# How to build CDF when there are extreme values

I want to build a CDF for some phenomenon, say $$P($$storm duration $$D \leq d)$$. The particularity of that phenomenon is that it has extreme values.

I understand that I can fit some PDF (I have data for that) to find my CDF. If I do it however, the PDF doesn't fit the extreme values very well. Reading the web, I see that one can fit Generalized Extrema Values, for example, fitting any duration above a threshold $$u$$.

Now I can model things under $$u$$ and above $$u$$, that is: $$P(D \leq x | x \leq u)$$ and $$P(D \leq x | x > u)$$. That is, I can build two CDF's. How can I join them into single one ? My understanding is that I can pick the values of the first one (regular fit) up to my threshold $$u$$ and then switch to the value of the second one (extreme values fit) when I'm above $$u$$. But doing that introduces a discontinuity in the CDF which I'm not sure is acceptable.

Is my understanding correct ? Does it lead to good approximation of the "real" CDF ? How do I handle the discontinuity ?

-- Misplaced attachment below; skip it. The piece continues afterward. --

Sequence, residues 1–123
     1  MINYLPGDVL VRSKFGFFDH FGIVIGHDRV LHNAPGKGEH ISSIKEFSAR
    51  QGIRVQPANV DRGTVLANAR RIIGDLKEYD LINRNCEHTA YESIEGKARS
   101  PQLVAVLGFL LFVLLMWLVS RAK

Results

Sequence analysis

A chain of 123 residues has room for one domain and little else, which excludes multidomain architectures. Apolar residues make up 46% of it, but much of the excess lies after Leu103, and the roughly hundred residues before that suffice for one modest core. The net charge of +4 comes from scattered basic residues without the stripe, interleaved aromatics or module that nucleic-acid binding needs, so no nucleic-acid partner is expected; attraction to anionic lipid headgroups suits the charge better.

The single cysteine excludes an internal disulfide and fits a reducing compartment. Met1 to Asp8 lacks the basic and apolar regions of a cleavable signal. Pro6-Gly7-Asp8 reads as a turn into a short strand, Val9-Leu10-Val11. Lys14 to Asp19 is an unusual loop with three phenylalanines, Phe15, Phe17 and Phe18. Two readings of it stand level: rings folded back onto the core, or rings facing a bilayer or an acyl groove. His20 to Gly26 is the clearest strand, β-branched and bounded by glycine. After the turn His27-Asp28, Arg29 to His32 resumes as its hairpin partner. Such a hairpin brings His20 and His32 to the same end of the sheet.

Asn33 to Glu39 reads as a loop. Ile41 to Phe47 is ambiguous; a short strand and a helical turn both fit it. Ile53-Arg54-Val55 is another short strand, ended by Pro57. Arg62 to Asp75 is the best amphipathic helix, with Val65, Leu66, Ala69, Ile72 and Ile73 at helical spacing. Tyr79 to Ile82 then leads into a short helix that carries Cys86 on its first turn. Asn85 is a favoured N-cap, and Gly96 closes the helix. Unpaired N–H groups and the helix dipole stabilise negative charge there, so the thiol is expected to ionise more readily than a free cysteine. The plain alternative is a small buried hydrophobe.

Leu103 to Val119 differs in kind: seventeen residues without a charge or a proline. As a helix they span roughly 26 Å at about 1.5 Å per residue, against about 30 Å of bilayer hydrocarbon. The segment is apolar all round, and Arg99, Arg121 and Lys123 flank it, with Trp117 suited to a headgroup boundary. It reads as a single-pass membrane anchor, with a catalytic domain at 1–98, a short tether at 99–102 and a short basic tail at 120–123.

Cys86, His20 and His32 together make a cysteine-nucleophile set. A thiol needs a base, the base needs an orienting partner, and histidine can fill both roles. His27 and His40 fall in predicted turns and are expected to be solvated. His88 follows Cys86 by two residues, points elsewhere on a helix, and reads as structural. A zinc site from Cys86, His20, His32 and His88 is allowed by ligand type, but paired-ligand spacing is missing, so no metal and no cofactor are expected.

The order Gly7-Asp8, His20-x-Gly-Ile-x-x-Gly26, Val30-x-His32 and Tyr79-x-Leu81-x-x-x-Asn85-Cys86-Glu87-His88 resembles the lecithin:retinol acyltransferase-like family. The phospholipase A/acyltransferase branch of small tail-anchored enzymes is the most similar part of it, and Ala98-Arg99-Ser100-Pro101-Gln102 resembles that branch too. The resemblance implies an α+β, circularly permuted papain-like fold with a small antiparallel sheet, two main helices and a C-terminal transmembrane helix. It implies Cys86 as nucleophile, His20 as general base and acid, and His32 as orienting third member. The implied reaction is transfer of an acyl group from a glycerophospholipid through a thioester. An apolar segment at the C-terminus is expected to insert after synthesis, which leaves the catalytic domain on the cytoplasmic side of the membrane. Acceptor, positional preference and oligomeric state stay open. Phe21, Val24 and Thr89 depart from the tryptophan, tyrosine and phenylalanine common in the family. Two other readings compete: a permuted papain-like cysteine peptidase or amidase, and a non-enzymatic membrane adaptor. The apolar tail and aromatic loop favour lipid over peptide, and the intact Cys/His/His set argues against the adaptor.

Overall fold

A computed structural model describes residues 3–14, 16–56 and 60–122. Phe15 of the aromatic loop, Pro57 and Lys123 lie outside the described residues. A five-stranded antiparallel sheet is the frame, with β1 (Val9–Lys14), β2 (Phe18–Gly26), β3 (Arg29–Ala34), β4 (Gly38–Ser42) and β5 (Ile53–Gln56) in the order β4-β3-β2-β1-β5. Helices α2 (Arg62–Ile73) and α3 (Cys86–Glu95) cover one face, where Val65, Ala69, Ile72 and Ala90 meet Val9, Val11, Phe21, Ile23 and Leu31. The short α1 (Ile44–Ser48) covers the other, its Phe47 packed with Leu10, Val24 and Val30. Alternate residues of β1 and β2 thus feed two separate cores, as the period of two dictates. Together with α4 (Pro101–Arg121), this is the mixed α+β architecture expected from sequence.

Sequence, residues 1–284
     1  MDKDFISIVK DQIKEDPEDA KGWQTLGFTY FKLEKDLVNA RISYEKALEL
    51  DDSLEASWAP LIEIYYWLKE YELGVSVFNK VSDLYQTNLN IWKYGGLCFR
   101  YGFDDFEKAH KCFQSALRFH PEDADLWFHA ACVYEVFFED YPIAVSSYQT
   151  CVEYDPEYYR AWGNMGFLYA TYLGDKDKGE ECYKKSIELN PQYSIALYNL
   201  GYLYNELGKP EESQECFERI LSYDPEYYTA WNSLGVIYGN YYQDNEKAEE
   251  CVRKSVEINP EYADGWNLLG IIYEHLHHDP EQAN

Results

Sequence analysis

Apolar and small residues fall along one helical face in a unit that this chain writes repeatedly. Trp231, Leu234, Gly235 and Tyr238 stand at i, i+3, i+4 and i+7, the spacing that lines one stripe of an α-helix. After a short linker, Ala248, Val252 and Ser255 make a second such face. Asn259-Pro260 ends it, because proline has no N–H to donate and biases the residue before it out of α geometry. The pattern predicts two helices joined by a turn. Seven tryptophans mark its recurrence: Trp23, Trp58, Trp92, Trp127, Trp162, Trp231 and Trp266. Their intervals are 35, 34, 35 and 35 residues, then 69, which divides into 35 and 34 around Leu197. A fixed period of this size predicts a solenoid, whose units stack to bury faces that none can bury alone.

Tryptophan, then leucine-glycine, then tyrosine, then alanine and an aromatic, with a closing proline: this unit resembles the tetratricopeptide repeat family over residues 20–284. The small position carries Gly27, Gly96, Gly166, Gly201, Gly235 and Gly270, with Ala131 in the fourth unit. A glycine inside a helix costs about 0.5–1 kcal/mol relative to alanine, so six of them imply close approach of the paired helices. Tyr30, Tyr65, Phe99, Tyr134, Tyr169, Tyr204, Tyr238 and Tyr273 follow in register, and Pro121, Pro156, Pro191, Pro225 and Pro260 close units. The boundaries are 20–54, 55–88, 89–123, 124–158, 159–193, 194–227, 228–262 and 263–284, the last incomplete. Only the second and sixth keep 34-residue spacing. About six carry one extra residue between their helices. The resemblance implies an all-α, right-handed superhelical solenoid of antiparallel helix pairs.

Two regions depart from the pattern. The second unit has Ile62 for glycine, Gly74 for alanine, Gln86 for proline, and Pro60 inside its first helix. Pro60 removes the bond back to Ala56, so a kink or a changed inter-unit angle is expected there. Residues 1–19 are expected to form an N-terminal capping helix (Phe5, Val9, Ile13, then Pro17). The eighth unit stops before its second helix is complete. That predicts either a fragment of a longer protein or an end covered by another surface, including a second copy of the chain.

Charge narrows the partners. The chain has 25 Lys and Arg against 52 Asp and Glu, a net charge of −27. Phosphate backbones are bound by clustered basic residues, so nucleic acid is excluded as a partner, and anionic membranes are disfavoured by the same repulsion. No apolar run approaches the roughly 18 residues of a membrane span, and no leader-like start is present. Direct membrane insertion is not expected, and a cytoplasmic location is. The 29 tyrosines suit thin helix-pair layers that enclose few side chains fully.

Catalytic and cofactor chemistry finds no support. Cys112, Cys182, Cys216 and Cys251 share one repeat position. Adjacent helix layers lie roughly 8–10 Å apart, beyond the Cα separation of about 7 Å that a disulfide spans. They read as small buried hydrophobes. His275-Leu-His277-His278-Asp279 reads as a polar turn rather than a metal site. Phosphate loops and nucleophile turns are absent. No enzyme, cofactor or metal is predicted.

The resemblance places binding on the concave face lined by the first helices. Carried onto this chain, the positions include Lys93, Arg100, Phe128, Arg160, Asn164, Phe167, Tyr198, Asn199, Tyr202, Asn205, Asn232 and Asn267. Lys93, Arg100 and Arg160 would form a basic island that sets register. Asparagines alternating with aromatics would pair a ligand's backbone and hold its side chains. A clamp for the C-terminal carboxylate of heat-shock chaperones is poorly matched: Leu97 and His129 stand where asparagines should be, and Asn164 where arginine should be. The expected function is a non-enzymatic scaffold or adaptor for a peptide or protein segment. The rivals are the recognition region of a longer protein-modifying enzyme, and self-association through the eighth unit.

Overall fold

After comment: the extreme values are located in the right tail of the real distribution. In my case, storms which last a few hours (regular case) are much more frequent than those which last for days (extreme case).

• Are there 'extreme values' in both tauk? Id ao Hve considered that your data may be Mar 20, 2022 at 23:19

If you have a sequence of IID data, and you would like to fit your data to a distribution that will converge to the true distribution in the limit, you might be better off considering some kind of kernel density estimator, using a kernel distribution that has fat enough tails to reflect the extreme values you want to model. For example, as a reasonable starting point you could try representing the distribution of the log-duration using a KDE with kernels given by the T-distribution with degrees-of-freedom $$1 \leqslant v \leqslant 2$$ (depending on how fat you want the tails to be). If you have a reasonable amount of data then you should get a reasonably smooth distribution estimator, and the right tail will be quite fat, which should adequately encapsulate your expectation that there will be extreme values in the distribution.
• Although this is an interesting answer, it doesn't answer the actual question which is how to "merge" two CDF, knowing one is "valid" from 0 to $u$ and the other from $u$ to some maximum. Mar 22, 2022 at 13:41